(PlayStation 3)

Game Review

PlayStation All-Stars Battle Royale Review

Europe PAL Version

Posted by Sammy Barker

Celebrity deathmatch

PlayStation All-Stars Battle Royale is a lot like a box of chocolates that consists purely of almond-based treats. SuperBot Entertainment’s mascot mash-up cherry picks some of the sweetest moments from PlayStation lore and casts them inside a brawler so self-aware that you can’t help but smile while playing it. From the lackadaisical fighting style of Uncharted’s lovable lothario Nathan Drake, to the genre appropriate stances of wannabe marsupial Toro Inoue, this is a confident, creative, and, perhaps most importantly, comical debut that demands your attention in spite of any lingering scepticism you may have.

Indeed, while pre-release discussion has centred on the similarities between Sony’s four-player brawler and Nintendo’s own Super Smash Bros, the comparisons are merely surface deep. PlayStation All-Stars Battle Royale is a surprisingly original experience that’s defined by its unique scoring system and obsessive attention to detail. The fighter may share some overarching ideas with its nearest peers, but in truth it’s unlike any other competitive game currently available.

At the crux of SuperBot Entertainment’s unique battle loop is AP, which is used to build super meters. Each character in the game has access to three different super attacks, with each tier demanding an increased expenditure of the aforementioned currency. In order to harvest the ambiguous assets, you must successfully land attacks on your opponents. Hitting with a super attack is the only way to kill an adversary, and, subsequently, score points. Are you keeping up?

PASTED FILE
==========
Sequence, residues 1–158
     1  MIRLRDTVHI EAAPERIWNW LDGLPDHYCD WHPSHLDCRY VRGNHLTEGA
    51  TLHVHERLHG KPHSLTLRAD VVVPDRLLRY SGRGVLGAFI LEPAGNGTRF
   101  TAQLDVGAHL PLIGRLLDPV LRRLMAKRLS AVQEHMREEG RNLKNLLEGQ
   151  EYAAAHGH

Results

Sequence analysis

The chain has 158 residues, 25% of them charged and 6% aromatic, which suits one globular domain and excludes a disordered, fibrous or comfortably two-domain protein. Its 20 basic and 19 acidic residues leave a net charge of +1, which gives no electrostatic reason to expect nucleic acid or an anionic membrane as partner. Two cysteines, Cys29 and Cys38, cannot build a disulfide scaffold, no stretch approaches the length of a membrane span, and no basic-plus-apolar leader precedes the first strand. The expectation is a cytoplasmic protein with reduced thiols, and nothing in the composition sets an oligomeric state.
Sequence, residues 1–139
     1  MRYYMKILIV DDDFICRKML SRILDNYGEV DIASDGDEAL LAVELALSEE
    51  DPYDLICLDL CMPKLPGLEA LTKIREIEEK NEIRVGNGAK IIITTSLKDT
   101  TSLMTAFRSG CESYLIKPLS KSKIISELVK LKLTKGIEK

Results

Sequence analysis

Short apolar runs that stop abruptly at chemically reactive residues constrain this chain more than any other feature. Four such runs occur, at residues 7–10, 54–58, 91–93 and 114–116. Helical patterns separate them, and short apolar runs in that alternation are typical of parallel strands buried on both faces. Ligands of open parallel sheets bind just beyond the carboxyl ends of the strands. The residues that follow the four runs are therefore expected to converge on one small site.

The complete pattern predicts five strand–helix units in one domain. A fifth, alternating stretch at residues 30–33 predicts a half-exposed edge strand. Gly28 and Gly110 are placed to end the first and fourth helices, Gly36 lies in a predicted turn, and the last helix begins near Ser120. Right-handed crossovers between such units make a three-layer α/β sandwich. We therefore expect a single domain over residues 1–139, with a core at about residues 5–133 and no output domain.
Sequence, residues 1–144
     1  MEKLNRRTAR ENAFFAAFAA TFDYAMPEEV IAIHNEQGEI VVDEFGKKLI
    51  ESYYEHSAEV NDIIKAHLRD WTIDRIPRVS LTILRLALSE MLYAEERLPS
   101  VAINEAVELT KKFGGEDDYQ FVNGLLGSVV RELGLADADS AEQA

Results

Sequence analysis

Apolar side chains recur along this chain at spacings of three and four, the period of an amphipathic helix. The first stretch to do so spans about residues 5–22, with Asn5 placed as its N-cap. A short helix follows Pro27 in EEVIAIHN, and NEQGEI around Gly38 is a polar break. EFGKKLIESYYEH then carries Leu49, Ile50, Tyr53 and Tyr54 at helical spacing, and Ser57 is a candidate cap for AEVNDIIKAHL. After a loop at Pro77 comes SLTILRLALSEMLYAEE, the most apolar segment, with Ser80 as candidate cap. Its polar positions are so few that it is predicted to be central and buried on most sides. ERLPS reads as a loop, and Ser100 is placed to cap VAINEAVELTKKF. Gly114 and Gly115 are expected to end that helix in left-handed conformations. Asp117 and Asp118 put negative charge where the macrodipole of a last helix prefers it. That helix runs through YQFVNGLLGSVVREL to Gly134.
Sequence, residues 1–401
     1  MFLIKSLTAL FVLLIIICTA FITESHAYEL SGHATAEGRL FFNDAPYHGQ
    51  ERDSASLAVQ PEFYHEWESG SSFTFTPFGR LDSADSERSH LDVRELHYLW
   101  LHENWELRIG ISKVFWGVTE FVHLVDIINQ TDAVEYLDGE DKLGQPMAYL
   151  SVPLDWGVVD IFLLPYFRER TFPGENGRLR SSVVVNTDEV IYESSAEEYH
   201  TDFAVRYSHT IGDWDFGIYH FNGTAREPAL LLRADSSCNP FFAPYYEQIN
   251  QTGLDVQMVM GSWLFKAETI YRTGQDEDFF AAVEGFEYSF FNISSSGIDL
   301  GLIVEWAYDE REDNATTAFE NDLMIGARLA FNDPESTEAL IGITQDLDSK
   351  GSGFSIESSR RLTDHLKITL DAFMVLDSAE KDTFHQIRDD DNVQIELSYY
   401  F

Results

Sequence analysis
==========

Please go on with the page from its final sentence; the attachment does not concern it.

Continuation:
For as complicated as it sounds on paper, it only takes a round or two to actually understand the system. Once you retune your mindset away from the established rules of virtually every other fighting game released, SuperBot Entertainment’s alternative clicks. And it’s this original mechanic which imbues the brawler with an identity all of its own.

There’s an underlying risk to whichever strategy you adopt, and that makes tight fights incredibly tense affairs. Building up a level one super, for example, only requires a couple of successful combos – but it’s not nearly as foolproof as the overpowering level three supers, which take significantly longer to attain. As such, you’re forced to make constant sub-conscious decisions about your tactics. A huddled group of combatants may be ripe for a swift level one triple-kill, but missing means that you’ll have to rebuild your meter from scratch again. That’s not a necessarily sound approach when your back’s against the wall and there’s just 45 seconds left on the clock. A single bad choice can be the difference between finishing first or fourth.

And yet, this underlying complexity is contrasted by an overwhelming accessibility. Attacks are executed by combining the face buttons with different directions, while supers are initiated with a simple tap of the R2 button. As with any good competitive game, an experienced player will utterly dominate a button-basher – but that doesn’t mean that newcomers can’t have fun. In fact, PlayStation All-Stars Battle Royale tends to tread the line between accessibility and depth better than any other title in the genre. Sure, it may not ever reach the tactical highs of Street Fighter IV or Marvel vs. Capcom 3, but this is a game that’s designed for both parties and professional play sessions – and it appeals to both astoundingly well.